Additional benefits and advantages of the disclosed embodiments will become apparent from the specification and drawings. The benefits and/or advantages may be individually obtained by the various embodiments and features of the specification and drawings, which need not all be provided in order to obtain one or more of such benefits and/or advantages.

BRIEF DESCRIPTION OF THE DRAWINGS

FIG. 1 illustrates the structure of a liquid treatment apparatus according to Embodiment 1;

FIG. 2 illustrates the structure of a second electrode and an insulator in a liquid treatment apparatus according to Embodiment 1;

FIG. 3A is a perspective view of the second electrode and the insulator in the liquid treatment apparatus according to Embodiment 1;

FIG. 3B is a cross-sectional view of the second electrode and the insulator in the liquid treatment apparatus according to Embodiment 1;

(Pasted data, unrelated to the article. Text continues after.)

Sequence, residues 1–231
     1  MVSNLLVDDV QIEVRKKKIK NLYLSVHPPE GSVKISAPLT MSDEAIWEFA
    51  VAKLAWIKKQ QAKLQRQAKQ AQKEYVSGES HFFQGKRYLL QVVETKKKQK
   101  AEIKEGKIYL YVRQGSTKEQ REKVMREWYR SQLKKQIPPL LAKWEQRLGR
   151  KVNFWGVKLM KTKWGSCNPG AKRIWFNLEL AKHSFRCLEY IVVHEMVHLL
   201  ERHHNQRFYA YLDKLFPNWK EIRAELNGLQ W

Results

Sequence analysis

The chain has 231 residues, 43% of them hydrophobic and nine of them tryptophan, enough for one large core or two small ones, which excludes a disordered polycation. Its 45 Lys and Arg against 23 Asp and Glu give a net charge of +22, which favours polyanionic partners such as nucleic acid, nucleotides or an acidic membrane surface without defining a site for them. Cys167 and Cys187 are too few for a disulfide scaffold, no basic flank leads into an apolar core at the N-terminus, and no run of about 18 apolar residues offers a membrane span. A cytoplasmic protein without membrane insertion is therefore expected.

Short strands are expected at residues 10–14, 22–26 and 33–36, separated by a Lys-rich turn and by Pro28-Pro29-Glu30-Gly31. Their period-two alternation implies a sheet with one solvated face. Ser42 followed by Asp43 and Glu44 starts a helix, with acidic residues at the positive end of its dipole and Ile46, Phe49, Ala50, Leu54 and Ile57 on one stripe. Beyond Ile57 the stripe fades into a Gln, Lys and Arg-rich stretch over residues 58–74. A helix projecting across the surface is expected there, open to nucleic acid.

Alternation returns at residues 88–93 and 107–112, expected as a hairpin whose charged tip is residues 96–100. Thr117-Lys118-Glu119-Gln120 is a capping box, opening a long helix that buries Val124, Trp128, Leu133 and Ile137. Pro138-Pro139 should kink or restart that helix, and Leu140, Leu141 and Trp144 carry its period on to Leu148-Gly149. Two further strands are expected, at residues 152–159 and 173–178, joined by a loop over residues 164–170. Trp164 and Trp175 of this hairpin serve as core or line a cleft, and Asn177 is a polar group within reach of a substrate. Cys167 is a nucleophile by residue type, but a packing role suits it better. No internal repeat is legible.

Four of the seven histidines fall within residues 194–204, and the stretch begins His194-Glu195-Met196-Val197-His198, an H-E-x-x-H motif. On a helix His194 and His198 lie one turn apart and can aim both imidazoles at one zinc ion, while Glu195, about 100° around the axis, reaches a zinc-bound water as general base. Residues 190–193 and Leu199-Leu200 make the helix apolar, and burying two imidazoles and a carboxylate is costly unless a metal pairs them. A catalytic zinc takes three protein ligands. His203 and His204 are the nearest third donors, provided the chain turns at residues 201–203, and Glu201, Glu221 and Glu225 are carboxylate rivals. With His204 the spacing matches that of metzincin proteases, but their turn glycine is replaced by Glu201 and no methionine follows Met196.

FIG. 4 is a flow chart illustrating the operation of the liquid treatment apparatus according to Embodiment 1;

FIG. 5 illustrates pH values in a liquid treatment apparatus according to Embodiment 1 as measured near the first and second electrodes;

FIG. 6A illustrates substances generated near the positive electrode in a liquid treatment apparatus according to Embodiment 1;

FIG. 6B illustrates substances generated near the negative electrode in a liquid treatment apparatus according to Embodiment 1;

FIG. 7 schematically illustrates a removal of dirt with a liquid treatment apparatus according to Embodiment 1;

FIG. 8 is a flow chart illustrating a method for removing dirt using a liquid treatment apparatus according to Embodiment 1;

FIG. 9 illustrates another structure of a liquid treatment apparatus according to Embodiment 1;